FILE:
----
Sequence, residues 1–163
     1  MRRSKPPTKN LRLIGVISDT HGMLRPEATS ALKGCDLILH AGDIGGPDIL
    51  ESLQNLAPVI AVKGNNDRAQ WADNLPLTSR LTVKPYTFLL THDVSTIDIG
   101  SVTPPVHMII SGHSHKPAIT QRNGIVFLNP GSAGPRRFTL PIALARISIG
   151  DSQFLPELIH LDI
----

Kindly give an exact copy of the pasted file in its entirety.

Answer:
Sequence, residues 1–163
     1  MRRSKPPTKN LRLIGVISDT HGMLRPEATS ALKGCDLILH AGDIGGPDIL
    51  ESLQNLAPVI AVKGNNDRAQ WADNLPLTSR LTVKPYTFLL THDVSTIDIG
   101  SVTPPVHMII SGHSHKPAIT QRNGIVFLNP GSAGPRRFTL PIALARISIG
   151  DSQFLPELIH LDI